Stellplatz in England mit Sicht auf den Strand.
We left Scotland after an eventful few weeks. Northumberland welcomed us with a little shower of rain. We stayed on Fowberry Farm, a small site on a working farm which has a great view of Bamburgh Castle, an impressive structure built by the Normans.
The castle overlooks the Farne Islands and Holy Island to the north, standing proud on a huge rock formation above the surrounding sand dunes. It is here that Grace Darling undertook heroics with her father and became a Victorian celebrity.
We had a quick visit to Seahouses, a village full of tourist buses clearly benefiting from its proximity to the castle and the isles. A small main street tumbling down to a concrete harbour.
A walked across the fields to Bamburgh village which has the usual array of amenities based around a central woody triangle.Read more
Great drive up the coast to visit Angie, Steve and Alfie.... Treated to lovely tea breakfast and company
Drove to Bamburgh Castle next. It was during the early medieval period between 411AD and 1066AD that Bamburgh grew in stature and importance. With the arrival of the Saxons, the creation of an important Christian site and the coming and going of the saints Oswald, Aidan and Cuthbert, it was a pivotal time. Read more
It has to be said that the journey down from Pitlochry was uneventful and somewhat boring. The first bit isn’t so bad but as you go further south you leave the mountains behind and the roads become more substantial. Rob had already joined the main A9 route yesterday evening and it’s the A9 he followed to Edinburgh where the A1 continues south to England. The A9, like the A1 afterwards, is a mixture of dual carriageway sections interspersed with good two lane roads but the road planners in Scotland clearly operate on logic not of this world. The dual carriageways are fine, being a limit of 70mph as you’d expect. The normal road sections are then 60mph, also as you’d expect, except that for some unfathomable reason there is a trial speed limit of 50mph for lorries. There are a lot of lorries, so it means no-one can ever reach 60 as it’s near-nigh impossible to overtake a lorry on that road. Oh, and the roads are religiously monitored with average speed cameras. Furthermore, there are sections reduced to 30mph for roadworks that don’t exist and electronic information signs saying things like “Are your eyes fit for driving” and “Soft tyres waste fuel” which, of course, everyone is so grateful for. Rob was hoping to see more useful signs such as “Do not eat yellow snow”, “Keep windows open while vaping”, or the fact everyone forgets “Do not sleep and drive”, not forgetting the extremely informative “Hats keep bald heads warm”. Anyway, eventually Rob arrived at Bamburgh in the hope of getting a coastal castle photo.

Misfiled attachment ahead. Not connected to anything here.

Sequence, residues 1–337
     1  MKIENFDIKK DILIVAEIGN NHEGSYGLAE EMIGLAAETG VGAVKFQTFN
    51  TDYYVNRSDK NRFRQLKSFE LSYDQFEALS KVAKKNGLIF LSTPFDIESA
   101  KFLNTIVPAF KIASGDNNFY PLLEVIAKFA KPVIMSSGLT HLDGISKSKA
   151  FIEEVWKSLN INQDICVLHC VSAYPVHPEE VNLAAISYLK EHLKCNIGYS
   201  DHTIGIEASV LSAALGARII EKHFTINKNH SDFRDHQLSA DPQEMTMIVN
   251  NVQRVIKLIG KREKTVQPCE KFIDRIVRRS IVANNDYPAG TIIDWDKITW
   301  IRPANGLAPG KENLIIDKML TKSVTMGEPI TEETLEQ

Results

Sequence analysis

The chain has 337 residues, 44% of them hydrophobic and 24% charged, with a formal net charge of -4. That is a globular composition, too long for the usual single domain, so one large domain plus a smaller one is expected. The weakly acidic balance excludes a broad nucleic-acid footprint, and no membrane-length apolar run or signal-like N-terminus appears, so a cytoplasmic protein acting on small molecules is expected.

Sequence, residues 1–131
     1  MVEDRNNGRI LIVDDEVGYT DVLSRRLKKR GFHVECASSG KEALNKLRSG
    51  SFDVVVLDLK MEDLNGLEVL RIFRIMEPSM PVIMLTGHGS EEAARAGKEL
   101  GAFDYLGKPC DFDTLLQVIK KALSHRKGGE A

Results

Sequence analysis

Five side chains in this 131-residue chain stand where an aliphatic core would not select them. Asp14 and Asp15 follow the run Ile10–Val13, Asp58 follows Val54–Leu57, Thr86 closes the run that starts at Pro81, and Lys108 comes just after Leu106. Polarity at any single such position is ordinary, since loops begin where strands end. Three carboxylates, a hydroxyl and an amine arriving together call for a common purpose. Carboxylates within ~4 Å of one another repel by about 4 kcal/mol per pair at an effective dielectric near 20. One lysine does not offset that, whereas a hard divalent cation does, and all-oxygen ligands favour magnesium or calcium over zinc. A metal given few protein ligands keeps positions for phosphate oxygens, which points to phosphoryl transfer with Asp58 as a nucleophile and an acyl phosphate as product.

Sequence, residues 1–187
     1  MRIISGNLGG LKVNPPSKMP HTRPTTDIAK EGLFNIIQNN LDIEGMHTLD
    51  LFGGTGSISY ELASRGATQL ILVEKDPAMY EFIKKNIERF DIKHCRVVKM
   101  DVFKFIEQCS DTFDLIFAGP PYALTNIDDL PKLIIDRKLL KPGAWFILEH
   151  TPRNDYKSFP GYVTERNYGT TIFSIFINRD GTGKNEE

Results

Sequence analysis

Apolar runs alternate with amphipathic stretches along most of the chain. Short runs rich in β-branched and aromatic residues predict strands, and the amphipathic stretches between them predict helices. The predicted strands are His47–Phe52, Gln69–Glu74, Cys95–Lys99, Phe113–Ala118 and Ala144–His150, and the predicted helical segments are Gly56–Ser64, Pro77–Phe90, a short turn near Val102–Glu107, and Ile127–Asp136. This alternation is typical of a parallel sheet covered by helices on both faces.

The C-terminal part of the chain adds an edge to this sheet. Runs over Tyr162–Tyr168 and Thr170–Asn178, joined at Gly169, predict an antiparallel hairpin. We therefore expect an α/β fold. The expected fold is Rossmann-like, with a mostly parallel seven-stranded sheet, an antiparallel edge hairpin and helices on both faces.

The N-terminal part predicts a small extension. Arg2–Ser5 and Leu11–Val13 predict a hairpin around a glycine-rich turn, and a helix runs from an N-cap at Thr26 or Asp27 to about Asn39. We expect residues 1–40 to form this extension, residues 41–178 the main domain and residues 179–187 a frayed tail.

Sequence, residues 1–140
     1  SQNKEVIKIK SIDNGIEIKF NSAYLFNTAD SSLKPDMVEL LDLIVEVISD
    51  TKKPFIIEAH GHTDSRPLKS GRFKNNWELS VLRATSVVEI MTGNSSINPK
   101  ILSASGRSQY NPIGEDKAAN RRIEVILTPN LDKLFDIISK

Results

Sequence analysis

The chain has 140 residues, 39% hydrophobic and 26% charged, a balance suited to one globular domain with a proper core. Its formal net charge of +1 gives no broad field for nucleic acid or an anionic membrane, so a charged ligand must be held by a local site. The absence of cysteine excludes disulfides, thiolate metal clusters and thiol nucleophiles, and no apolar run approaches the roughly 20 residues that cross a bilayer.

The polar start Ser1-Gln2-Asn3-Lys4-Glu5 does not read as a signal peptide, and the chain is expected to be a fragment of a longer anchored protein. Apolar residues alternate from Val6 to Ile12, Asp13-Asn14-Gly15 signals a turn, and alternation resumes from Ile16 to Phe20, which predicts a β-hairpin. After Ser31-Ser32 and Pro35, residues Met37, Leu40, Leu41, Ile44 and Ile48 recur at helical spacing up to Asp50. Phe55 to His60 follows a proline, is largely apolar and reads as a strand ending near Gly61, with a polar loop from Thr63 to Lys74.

Weather-wise it was as predicted with plenty of sun around, stormy clouds and showers. No hint of thunder though, but it all looked promising to get Bamburgh castle lit by the sun with dark storm clouds as a backdrop set on a sandy beach with tall grasses for decoration. Success? No!
When he arrived, Rob took the phone photos first because they’re quick to do and if he doesn’t do that he can forget to take the photos for you to see, which is what happened a few times in Iceland. So what happened then? Well, you can see those dark clouds in the photos but just as Rob had the composition he wanted and was ready the clouds obscured the sun and within five minutes the rain was hammering down on the car window. Rob sat in the car for over half an hour as it got darker and wetter, then he left to go to find where he was staying for the next three nights.
No photographs today then and now Rob is starting to get a little disheartened. Tomorrow’s forecast is sunny with clouds and no rain, but on Sunday it’s supposed to rain all day. It would therefore be really good if tomorrow turns out to be a successful photography day. The aim is to get some coastal shots, including a castle, or patterns in the rocks or sands. “Tomorrow is a new day” ... there must be a sign for that.Read more
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